Third place: Ford Mondeo Hybrid
We’ve found the regular Mondeo disappointing when compared to its family car rivals, and this Hybrid model trails as an eco warrior, too. Low emissions will be tempting for fleet users tied to the Ford range, but real-world economy isn’t very far ahead of the diesel Mondeo’s, while the compromises of the smaller boot and saloon body mean it’s not as practical.
Is it worth waiting for this model?
Due: SummerPrice: £18k (est)Engine: 1.6-litre 4cyl, 138bhp
The Niro isn’t quite as efficient as the Prius, but its projected price and less flamboyant crossover styling will be attractive to many buyers. The twin-clutch automatic gearbox could boost its driver appeal over the Toyota, too.
|Toyota Prius 1.8 VVT Excel||Volkswagen Golf GTE Nav 5dr||Ford Mondeo 2.0 Hybrid Titanium 4dr|
|On the road price/total as tested||£27,450/£28,100||£35,760/£36,395||£26,445/£26,990|
|Residual value (after 3yrs/36,000)||£12,600/45.9%||£15,663/43.8%||£9,494/35.9%|
|Annual tax liability std/higher rate||£712/£1,425||£357/£714||£739/£1,478|
|Annual fuel cost (12k/20k miles)||£959/£1,598||£1,169/£1,949||£1,305/£2,174|
|Ins. group/quote/road tax band/cost||14/£504/A/£0||26/£533/A/£0||27/£650/A/£0|
|Cost of 1st/2nd/3rd service||£169/£219/£169||£288 (2yrs)||£390 (2yrs)|
|Engine||4cyl in-line/1,798cc||4cyl in-line/1,395cc||4cyl in-line/1,997cc|
|Peak power/revs||97/5,200 bhp/rpm||148/5,000 bhp/rpm||184/6,000 bhp/rpm|
|Peak torque/revs||142/3,600 Nm/rpm||350/1,600 Nm/rpm||173/4,000 Nm/rpm|
|Electric motor/combined output||53kW/121bhp||75kW/201bhp||88kW/184bhp|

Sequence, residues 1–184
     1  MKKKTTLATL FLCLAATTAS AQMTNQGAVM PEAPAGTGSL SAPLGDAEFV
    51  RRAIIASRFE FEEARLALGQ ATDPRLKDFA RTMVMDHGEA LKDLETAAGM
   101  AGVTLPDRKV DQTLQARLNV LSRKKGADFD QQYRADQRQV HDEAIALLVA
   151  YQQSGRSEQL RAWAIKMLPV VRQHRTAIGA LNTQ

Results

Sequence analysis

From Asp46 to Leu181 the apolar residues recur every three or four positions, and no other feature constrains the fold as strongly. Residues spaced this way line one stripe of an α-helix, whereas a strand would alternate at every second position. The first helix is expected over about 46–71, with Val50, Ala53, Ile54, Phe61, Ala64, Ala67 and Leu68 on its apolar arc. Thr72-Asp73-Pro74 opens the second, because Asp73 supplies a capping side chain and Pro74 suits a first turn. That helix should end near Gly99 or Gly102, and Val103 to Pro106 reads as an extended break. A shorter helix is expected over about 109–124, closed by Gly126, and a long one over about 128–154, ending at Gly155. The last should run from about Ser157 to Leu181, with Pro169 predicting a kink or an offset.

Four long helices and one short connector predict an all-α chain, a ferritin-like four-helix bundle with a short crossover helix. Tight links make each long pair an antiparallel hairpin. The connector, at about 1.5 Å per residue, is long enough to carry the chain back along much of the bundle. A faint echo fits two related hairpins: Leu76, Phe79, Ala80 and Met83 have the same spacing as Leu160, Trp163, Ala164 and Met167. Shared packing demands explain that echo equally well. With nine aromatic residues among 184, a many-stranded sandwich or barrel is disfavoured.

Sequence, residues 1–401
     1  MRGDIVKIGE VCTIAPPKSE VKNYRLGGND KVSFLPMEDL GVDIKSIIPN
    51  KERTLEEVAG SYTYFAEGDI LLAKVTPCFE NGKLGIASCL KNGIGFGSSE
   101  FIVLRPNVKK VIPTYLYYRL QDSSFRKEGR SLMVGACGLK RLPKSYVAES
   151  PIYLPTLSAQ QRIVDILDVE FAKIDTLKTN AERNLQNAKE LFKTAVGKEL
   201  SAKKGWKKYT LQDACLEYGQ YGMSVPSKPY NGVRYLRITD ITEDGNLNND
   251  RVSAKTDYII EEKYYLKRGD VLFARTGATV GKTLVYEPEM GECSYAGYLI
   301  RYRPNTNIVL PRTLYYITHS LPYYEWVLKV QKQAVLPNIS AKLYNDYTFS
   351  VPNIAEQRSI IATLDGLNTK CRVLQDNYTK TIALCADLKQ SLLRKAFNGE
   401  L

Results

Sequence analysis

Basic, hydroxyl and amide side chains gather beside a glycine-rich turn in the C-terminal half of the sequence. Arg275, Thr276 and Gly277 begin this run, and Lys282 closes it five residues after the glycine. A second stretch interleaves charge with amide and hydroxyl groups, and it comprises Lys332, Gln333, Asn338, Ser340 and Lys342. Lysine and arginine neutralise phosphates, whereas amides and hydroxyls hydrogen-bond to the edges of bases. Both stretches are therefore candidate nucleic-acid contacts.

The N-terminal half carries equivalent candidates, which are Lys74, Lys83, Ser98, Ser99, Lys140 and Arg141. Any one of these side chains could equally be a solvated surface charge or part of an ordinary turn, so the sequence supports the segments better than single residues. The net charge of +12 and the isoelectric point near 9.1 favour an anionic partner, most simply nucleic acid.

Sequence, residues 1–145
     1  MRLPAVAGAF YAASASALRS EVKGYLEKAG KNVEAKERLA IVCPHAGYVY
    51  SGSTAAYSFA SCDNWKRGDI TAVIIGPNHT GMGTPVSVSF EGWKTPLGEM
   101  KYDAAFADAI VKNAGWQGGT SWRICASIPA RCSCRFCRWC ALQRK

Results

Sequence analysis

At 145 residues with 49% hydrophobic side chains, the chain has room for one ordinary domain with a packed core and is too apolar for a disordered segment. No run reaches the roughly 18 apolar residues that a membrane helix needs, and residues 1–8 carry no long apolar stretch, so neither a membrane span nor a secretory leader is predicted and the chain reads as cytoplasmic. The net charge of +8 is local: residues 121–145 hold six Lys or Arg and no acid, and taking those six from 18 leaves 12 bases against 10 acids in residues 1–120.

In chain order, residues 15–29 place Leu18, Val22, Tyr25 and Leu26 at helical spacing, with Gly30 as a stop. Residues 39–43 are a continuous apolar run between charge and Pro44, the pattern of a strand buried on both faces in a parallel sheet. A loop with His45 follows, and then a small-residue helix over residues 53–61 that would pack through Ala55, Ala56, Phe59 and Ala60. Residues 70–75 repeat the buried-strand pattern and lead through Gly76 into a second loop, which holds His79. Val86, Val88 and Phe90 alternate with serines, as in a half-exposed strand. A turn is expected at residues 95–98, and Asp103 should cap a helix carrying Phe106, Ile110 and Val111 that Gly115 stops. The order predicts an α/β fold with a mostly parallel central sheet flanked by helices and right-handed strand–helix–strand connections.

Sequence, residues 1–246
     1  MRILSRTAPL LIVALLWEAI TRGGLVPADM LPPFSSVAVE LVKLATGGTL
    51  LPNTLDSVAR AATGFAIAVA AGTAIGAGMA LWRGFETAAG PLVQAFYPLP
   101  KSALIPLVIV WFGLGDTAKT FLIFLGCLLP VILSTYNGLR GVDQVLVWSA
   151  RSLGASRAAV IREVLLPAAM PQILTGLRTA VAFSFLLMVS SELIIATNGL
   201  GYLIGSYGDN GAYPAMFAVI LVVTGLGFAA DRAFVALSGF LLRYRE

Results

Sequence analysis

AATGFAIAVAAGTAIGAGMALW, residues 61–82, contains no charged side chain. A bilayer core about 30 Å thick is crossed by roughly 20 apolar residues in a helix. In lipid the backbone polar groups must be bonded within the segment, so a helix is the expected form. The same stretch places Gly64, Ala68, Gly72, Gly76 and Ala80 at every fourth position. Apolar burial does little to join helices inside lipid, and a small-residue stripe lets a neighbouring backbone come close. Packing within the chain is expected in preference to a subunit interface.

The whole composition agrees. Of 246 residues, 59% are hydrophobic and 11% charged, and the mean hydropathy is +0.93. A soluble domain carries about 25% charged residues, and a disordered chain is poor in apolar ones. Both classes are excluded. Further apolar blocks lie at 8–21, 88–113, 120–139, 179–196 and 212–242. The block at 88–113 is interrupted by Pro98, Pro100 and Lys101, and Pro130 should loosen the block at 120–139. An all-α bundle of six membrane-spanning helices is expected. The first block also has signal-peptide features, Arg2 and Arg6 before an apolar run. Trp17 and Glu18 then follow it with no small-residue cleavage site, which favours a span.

|Transmission||CVT auto/fwd||6-spd DSG/fwd||CVT auto/fwd|
|Fuel tank capacity/spare wheel||45 litres/repair kit||40 litres/repair kit||51 litres/repair kit|
|Boot capacity (seats up/down)||343/1,558 litres||272/1,162 litres||383 litres/N/A|
|Turning circle||10.8 metres/0.24Cd||10.9 metres/N/A||11.5 metres/N/A|
|Basic warranty (miles)/recovery||5yrs (100,000)/1yr||3yrs (60,000)/1yr||3yrs (60,000)/1yr|
|Service intervals/UK dealers||10,000 miles (1yr)/181||10,000 miles (1yr)/223||12,500 miles (1yr)/781|
|Driver Power manufacturer/dealer pos.||8th/2nd||22nd/30th||25th/26th|
|Euro NCAP: Adult/child/ped./stars||N/A||94/89/65/5 (2012)||86/82/66/5 (2014)|
|0-60/30-70mph||10.5/10.4 secs||8.7/8.2 secs||8.2/7.0 secs|
|30-50mph in kickdown||4.1 secs||3.3 secs||2.8 secs|
|50-70mph in kickdown||6.3 secs||4.9 secs||4.2 secs|
|Top speed/rpm at 70mph||112mph/N/A||138mph/2,200rpm||116mph/2,200rpm|
|Auto Express econ (mpg/mpl)/range||57.7/12.7/571 miles||47.3/10.4/416 miles||42.4/9.3/494 miles|
|Actual/claimed CO2/tax bracket||113/76g/km/13%||138/39g/km/5%||154/99g/km/14%|
|Auto box/stability/adaptive cruise control||Yes/yes/yes||Yes/yes/yes||Yes/yes/£450|
|Climate control/leather/heated seats||Yes/yes/yes||Yes/£1,750/£400||Yes/£2,000/£2,000|
|Metallic paint/LED headlights/keyless go||£495/yes/yes||£545/yes/£365||£545/£900/£250|